"We see further weakness in the dry bulk market going forward as charterers continue to fix vessels at easier numbers in both Atlantic and Pacific and would expect the trend to remain weak through Jan-11 due to holidays and influx of 'late arrivals', vessels scheduled for 2011," he added.

China's iron ore imports stayed near 10-month highs in December as lower prices encouraged stockpiling in the world's top buyer of the raw material despite uncertainty over the outlook for steel demand.

China imported 64.09 million tonnes of iron ore in December, down just 0.2 percent from a 10-month high in November, customs data showed on Tuesday.

Iron ore shipments account for around a third of seaborne volumes on the larger capesizes, and brokers said price developments remained a key factor for dry freight.

Capesizes, which typically transport 150,000 tonne cargoes such as iron ore and coal, had driven a rally late last year, helped by firmer coal and iron ore exports from Australia and Brazil to China as well as a pick-up in Japanese coal imports. A build-up of port congestion also provided support.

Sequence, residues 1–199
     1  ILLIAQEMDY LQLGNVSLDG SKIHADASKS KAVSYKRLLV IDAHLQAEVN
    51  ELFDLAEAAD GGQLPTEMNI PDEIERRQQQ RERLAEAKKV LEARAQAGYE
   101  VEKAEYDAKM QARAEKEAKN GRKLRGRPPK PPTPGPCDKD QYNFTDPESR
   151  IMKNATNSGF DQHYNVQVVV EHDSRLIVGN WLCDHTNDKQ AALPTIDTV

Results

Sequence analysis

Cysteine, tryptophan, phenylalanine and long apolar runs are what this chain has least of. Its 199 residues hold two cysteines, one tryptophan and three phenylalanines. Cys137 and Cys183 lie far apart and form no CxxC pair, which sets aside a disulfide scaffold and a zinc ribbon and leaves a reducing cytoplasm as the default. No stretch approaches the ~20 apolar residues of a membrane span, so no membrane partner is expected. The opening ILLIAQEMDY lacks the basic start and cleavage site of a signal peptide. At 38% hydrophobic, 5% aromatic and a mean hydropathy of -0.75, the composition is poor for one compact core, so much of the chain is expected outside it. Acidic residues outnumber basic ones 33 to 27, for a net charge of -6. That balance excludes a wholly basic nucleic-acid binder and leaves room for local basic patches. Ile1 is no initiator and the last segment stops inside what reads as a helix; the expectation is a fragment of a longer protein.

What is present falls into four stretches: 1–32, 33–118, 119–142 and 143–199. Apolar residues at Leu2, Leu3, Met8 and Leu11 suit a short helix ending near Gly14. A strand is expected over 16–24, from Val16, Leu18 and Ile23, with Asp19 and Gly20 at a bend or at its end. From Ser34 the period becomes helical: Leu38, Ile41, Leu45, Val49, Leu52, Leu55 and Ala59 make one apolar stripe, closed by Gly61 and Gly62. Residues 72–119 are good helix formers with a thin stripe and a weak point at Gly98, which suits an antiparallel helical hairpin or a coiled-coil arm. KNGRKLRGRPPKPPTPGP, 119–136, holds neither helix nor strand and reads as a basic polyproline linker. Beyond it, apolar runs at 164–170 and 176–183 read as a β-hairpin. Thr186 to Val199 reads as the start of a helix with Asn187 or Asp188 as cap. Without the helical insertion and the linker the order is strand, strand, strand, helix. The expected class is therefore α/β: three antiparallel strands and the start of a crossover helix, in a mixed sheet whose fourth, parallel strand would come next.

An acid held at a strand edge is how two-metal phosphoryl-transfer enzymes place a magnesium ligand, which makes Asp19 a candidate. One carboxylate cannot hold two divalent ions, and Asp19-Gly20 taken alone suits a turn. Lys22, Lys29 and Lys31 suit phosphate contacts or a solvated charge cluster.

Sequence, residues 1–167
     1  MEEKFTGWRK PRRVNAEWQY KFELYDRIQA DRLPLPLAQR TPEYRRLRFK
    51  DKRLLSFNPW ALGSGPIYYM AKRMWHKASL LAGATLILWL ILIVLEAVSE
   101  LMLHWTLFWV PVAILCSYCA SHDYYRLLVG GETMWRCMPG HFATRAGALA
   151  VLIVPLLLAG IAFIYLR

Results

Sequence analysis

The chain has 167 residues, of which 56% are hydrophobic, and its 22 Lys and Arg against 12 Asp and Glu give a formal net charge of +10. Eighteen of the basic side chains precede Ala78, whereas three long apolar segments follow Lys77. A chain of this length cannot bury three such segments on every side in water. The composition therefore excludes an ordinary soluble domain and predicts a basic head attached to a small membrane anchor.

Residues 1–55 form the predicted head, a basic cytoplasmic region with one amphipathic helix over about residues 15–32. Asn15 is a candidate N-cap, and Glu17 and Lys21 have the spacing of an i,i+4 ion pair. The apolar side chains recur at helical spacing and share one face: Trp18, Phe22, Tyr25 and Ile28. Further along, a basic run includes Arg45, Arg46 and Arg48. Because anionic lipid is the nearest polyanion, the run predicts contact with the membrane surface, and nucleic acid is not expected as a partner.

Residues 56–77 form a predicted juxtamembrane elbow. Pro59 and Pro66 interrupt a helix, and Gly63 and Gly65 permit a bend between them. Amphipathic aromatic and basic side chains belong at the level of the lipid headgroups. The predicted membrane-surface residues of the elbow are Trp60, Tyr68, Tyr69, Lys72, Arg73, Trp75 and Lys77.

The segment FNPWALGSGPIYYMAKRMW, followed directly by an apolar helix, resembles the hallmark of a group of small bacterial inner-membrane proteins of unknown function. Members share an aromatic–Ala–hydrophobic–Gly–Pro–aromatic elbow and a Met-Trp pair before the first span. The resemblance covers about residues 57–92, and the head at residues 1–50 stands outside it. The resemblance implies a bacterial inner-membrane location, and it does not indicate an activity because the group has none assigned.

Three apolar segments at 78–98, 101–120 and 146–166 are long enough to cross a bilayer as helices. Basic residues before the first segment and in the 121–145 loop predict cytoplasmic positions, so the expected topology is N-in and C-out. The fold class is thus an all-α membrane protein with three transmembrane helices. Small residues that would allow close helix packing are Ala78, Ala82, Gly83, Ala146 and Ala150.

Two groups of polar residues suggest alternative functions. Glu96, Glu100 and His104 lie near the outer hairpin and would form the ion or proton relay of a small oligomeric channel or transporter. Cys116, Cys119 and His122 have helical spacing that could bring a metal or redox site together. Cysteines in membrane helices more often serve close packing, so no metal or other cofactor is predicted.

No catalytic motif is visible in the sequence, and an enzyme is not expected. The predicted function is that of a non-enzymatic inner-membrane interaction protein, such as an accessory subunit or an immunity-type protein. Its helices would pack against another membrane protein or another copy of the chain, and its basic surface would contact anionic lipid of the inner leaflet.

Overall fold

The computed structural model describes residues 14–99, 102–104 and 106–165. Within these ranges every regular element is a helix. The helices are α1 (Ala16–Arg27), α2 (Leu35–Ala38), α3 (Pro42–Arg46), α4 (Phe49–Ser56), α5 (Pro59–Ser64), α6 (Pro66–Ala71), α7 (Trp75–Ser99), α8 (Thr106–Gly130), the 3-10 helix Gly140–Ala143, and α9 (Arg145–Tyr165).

"With the Chinese New Year break falling earlier than usual in 2012; the recent freight rate developments suggest a weak start to the year, with our expectations of a weak 1H12 on the horizon and fortunes of the dry bulk market closely linked to the Chinese import policy," RS Platou Markets said.

The Baltic's capesize index fell 5.11 percent on Tuesday, with average daily earnings sliding to $13,386 and at their lowest since Aug. 17.

The overall index, which gauges the cost of shipping commodities including iron ore, coal and grain, has remained erratic and is down more than 12 percent from the same period last year.

The Baltic's panamax index fell 3.39 percent. Average daily earnings for panamaxes, which usually transport 60,000-70,000 tonne cargoes of coal or grains, reached $11,602.

"Our expectations of fleet growth in 2012 surpassing demand growth will keep a cap on any major upside recovery to freight rates with our 2012 rate estimates for dry bulk markets slightly lower than the freight rate development in 2011," RS Platou Markets said in a report.

Growing ship supply, which is outpacing commodity demand, is set to cap dry bulk freight rate gains in the coming months, with economic uncertainty, a financing squeeze and a slowdown in China adding to headwinds.

"Overall, we remain cautious in our dry bulk rate outlook, as we expect the oversupply of tonnage to keep rates under pressure into 2013," said Wells Fargo Securities senior analyst Michael Webber.